It’s been 70 years since the liberation of the Auschwitz extermination camp, and the anniversary may mark the last of the war-crimes trials from World War II. A German court will try the man dubbed “the accountant of Auschwitz,” Oskar Groening, who claims to be “morally guilty” but not legally liable for the genocide conducted by his fellow SS operatives. All he did was take the money from incoming victims before their extermination, but German prosecutors will argue for the first time that even those outside the loop of genocidal orders bear legal consequences for being a “cog in the machine”:
Groening was not one of those who decided who would die and who might live. His job was to confiscate the victims’ valuables. He was Death’s book keeper — or, as he says, a mere cog in the machine.
But those who have pushed for this trial say without cogs, machines don’t run.
In the past, German justice has been content to charge only those directly involved in the killing.
But Thomas Walther, the retired German judge who built this case, thinks many were let off too easy.
Ironically, Groening’s role in the machinery of Auschwitz only came to light when he emerged to rebut the arguments of Holocaust deniers. In 2005, Groening emerged to provide his eyewitness testimony to the BBC in order to “oppose the Holocaust deniers that claim Auschwitz never happened”:
Groening has never denied being in Auschwitz. Appearing in the BBC documentary “Auschwitz: The Nazis and the ‘Final Solution” in 2005, he said that pervasive Holocaust denial had led to him to speak out.
“I see it as my task now, at my age, to face up to these things that I experienced, and to oppose the Holocaust deniers who claim that Auschwitz never happened,” he said. “I saw the crematoria, I saw the burning pits.”
Interviewed by Der Spiegel magazine in the same year, he described an incident while on “ramp duty” when he heard a baby crying. “I saw another SS soldier grab the baby by the legs,” he said. “He smashed the baby’s head against the iron side of a truck until it was silent.”
But Groening denied his own culpability in the same interview. “Accomplice would almost be too much for me,” he told Der Spegel. “I would describe my role as a small cog in the gears. If you can describe that as guilt, then I am guilty, but not voluntarily. Legally speaking, I am innocent.”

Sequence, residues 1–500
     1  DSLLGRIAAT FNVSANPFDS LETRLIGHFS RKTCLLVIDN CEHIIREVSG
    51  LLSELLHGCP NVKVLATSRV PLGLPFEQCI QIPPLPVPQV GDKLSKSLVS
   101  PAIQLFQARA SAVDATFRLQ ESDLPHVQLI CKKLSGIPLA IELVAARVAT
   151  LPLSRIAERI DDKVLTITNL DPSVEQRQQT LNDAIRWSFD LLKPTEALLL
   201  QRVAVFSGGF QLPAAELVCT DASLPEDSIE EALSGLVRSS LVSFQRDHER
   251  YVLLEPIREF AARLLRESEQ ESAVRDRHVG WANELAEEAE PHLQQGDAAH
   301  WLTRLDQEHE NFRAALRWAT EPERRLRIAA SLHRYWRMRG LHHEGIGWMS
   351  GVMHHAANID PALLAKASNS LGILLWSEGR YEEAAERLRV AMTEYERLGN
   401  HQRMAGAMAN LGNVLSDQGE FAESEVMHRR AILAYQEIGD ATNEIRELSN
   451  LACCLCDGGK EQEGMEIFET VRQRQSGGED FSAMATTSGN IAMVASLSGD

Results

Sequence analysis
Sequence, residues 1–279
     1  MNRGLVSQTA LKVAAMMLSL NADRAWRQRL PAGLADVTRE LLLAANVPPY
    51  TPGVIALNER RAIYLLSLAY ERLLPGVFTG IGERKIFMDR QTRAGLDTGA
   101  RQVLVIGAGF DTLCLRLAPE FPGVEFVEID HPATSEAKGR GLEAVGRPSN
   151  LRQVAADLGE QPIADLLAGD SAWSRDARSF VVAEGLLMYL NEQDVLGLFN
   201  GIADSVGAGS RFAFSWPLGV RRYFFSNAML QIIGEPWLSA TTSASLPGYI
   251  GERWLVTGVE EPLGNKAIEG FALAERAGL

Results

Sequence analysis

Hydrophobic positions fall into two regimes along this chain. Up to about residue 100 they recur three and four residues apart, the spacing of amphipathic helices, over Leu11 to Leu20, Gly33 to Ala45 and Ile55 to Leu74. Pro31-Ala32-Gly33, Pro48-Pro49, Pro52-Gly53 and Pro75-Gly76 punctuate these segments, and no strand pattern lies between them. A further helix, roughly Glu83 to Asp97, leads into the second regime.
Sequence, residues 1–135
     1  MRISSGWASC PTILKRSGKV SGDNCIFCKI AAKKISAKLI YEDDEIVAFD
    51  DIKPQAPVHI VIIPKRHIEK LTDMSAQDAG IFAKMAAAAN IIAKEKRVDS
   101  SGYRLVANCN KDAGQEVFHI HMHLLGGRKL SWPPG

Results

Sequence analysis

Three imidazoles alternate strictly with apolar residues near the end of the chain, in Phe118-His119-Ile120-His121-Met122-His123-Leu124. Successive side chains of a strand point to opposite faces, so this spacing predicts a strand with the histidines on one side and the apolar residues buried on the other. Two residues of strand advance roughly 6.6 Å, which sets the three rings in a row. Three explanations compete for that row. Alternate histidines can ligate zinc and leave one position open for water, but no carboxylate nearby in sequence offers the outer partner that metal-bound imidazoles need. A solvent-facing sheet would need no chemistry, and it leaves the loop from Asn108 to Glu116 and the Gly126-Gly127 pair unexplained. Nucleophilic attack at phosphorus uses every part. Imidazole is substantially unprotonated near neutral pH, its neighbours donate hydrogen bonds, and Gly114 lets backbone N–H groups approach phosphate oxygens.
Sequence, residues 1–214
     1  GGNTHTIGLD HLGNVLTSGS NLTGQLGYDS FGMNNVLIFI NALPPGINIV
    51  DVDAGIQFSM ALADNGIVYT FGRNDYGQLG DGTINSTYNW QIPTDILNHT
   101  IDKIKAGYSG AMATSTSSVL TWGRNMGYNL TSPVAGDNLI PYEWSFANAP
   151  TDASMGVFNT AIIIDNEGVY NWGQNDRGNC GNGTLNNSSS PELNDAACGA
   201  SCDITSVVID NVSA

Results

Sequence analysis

Until now, Groening was correct in terms of German law. To be tried for Holocaust crimes there, a defendant had to be tied to overt acts that resulted in one or more murders in the camps or in the forced deportations to them. Groening had originally been charged in the mid-1980s, but released because of that lack of connection. Walther considers that a gross miscarriage of justice, as the cogs in the machine of history’s worst genocide made it possible for the machine to succeed.
“Has this been a failure of the German justice system over the course of the last 40 years, 60 years?” he asks rhetorically. “You know that answer; yes. It’s no question that the justice system has failed. It’s no question… It’s a big, big failure.
Phillips notes that Groening has never denied his involvement in the Nazi’s “final solution.” He’s only denied his personal guilt — a self-serving fiction, says Phillips, that may finally be laid to rest in court.
If so, it may be the last time we see a Nazi convicted by a court of law. Seventy years later, they’re almost all gone — either dead from natural causes without ever having to account for their grotesque crimes, or having gone to prison at some point over the last several decades. Hedy Bohm is also among a passing generation of survivors of the camps, whose personal testimony will have to live on in depositions, interviews, and the stories of their descendants. Too many of the perpetrators escaped justice in this life, while too few of the victims received it.
Will Germany’s justice system take one last opportunity to establish the guilt of the accomplices?